Friday, June 29, 2018

Up Mount Urgull to the Castle and Donostia Museum in San Sebastian

Our first morning in San Sebastian (Donostia in Basque), we rise and look out our hotel window at the great views of the promenade, the Bay of Biscay, and the great beaches of Playa de la Concha to the right and Playa de Ondarreta to the left.

 View from our room

We walk through Old Town toward Mount Urgull, a hill with a small castle, fortifications, and cannons dating back to the 12th century and providing a strategic vantage point from which to protect the bay and the town.  The castle has changed hands between the Spanish, the French, and the English several times over the years, starting with its capture by the French in 1719.

 Streets of Old Town

Exiting the other side of Old Town, we start up the hill and get a great perspective of the town from above and of the district of Gros on the other side, with a great surfing beach.

 Views of San Sebastian and the Bay of Biscay

 Looking the other way toward the district of Gros

On top, we walk through the castle and fortifications and enjoy the great views from the top of the fortress.

 Up the paths to the top

 Cannons in place

More great views

The summit is crowned by the Castillo de la Mota fortress, built in the 12th century.  In the fortress is a great small museum, Casa de la Historia de Urgull, with models, displays, and audiovisual presentations depicting the over-800-year history of the Donostian people.  From the top of the fortress, we access the base of the Cristo de la Mota statue overlooking the city, 12 meters (39 feet) high and visible from four miles (6.4 km) at sea.

 History of San Sebastian

Cristo de la Mota, overlooking the city

Descending from the fortress, we pass the English Cemetery, containing the bodies of English volunteers who fought for the Spanish government during the Spanish Civil War of 1833 to 1840 between the followers of Infante Carlos María Isidro of Borbón and the supporters of the Regent Queen María Cristina de Borbón.

 English cemetery

Descending further, we reach the Paseo Nuevo path around the point and walk back around to town, past more great views, statues, the aquarium, the naval museum, and old port buildings.

 Back around the base of Mount Urgull

Into the old port

Builidings of the old port

Fishing boats

Entrance into Old Town from the port

Our trek over and around Mount Urgull covered the northern part of the Bay of Biscay.  Now, time for the southern side.

Tuesday, June 26, 2018

Arriving in San Sebastian, Spain

We take the Euskotren from Bilbao to San Sebastian, a beautiful, several-hour meandering ride through the mountains and along the coast.  San Sebastian is on the Bay of Biscay, 20 km (12 miles) from the French Border, and is renowned for its cuisine, with a large number of Michelin-starred restaurants and great food everywhere.  San Sebastian is also known as Donostia, the Basque name for the city.

 Train to San Sebastian

From the San Sebastian train station (where we had great pintxos a few days ago in transit to Bilbao), we walk to the Bay of Biscay and the fabulous beach, Playa de la Concha, check into our hotel, Hotel de Londres y de Inglaterraoverlooking the water, and head over to the nearby Old Town, passing the city hall and plaza.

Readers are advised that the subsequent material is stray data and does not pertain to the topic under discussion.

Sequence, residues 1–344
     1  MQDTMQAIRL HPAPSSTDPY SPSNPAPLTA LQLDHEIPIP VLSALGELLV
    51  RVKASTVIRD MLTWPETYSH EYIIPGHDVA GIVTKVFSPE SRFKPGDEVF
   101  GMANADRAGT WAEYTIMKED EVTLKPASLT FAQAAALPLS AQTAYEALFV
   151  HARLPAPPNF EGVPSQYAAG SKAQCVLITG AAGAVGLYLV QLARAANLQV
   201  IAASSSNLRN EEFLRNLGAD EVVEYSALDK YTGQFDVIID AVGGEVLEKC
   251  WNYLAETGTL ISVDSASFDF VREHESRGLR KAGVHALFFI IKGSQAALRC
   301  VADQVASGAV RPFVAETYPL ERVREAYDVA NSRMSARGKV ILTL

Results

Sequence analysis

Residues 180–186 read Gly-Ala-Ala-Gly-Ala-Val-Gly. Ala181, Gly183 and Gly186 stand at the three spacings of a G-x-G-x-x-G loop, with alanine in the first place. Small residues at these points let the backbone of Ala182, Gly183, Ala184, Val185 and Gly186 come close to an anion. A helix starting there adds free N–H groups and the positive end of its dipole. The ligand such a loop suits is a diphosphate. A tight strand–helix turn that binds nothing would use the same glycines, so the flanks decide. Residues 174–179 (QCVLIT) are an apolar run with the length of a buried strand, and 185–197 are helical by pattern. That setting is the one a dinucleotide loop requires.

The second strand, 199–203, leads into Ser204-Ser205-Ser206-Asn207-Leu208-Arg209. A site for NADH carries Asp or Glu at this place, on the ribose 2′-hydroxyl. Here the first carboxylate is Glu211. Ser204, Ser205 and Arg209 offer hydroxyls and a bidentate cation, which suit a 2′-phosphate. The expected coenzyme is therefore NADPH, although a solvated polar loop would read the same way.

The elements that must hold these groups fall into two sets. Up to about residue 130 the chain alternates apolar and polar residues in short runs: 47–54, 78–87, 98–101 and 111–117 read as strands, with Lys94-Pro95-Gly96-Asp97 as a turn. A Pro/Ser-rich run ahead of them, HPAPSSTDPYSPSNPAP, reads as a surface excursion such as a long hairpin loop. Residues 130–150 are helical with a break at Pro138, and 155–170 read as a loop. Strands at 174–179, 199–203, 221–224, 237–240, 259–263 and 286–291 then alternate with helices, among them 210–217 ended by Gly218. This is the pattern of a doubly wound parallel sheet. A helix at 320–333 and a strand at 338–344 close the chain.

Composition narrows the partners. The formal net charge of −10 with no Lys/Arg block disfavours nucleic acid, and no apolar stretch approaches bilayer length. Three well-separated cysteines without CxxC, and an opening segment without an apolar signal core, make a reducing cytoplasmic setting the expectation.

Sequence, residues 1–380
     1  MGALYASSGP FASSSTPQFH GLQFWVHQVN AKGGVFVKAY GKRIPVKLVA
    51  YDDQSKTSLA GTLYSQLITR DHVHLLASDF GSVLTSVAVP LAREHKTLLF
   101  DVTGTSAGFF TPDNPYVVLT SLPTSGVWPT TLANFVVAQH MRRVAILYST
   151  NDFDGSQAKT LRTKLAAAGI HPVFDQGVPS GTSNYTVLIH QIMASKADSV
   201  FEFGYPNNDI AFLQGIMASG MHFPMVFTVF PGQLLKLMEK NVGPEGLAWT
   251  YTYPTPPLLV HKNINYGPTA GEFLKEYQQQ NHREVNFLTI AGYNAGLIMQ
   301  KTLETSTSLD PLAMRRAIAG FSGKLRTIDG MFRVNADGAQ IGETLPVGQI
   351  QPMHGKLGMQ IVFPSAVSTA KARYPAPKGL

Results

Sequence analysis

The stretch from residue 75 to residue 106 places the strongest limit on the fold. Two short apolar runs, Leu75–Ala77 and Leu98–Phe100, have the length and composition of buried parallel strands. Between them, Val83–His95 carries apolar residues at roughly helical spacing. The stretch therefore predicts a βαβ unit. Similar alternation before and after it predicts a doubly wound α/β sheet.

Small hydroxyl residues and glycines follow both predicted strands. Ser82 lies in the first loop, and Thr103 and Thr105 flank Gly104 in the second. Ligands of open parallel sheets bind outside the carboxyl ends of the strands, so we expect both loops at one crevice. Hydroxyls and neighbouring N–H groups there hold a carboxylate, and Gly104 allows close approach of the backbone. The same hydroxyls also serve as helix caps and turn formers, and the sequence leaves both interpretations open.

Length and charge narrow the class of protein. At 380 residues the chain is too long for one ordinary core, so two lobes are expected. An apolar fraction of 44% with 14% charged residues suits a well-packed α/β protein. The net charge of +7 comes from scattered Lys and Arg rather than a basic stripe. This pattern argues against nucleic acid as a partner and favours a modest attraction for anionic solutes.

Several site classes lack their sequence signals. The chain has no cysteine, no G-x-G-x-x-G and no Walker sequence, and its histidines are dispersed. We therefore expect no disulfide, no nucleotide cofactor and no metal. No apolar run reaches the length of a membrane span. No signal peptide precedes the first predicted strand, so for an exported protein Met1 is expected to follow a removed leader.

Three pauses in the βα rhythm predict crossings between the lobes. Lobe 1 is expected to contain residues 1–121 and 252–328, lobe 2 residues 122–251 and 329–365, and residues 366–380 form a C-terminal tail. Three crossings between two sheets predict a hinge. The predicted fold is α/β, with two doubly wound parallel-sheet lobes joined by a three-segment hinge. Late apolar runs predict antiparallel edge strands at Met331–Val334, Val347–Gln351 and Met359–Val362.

First views of Playa de la Concha on the Bay of Biscay

 City hall and plaza

Entering the streets of Old Town

Old Town is full of bars and restaurants featuring pintxos and we pop into one for a few bites.  We first choose a ham sandwich, shrimp with bacon, shrimp on a baguette, and pepper/anchovy/ham.  We then go back for octopus and a tuna sandwich.

 Stop for pintxos, chef/artists at work, Iberian hams in the back

Wandering through the streets of Old Town, we hear music  and head toward the sounds where we find a group outside one of the bars playing, singing, and dancing.  We stop to listen, have a beer, and start talking with the group.  The accordion player is an English teacher and he and his friends come into town every now and then for a bar-crawl with accordion.

 Accordion music in the distance, up close

We move on with them to another bar and they call us "San Francisco" and buy us each a beer as they make music, we all talk, and we all dance in the street.

The people in the group are passionate about their Basque heritage and we talk for quite a while about the relationship of the Basque people with Spain and their desire to be separate from the rest of the country.

 Next stop

The good sounds draw us into another adventure, we make new friends, and have a great evening.
Soon, the group breaks up and some head home to prepare for work the next day, while others continue on their pintxos crawl.  We peer in to the bar where we all ended up, see some great pintxos, and have a few more:  sausage and cassoulet with eggplant.

 Sausage, cassoulet

We wind up our first day in San Sebastian with a walk along the promenade back to our hotel.

 Bay of Biscay at night

Our hotel on the promenade of Playa de la Concha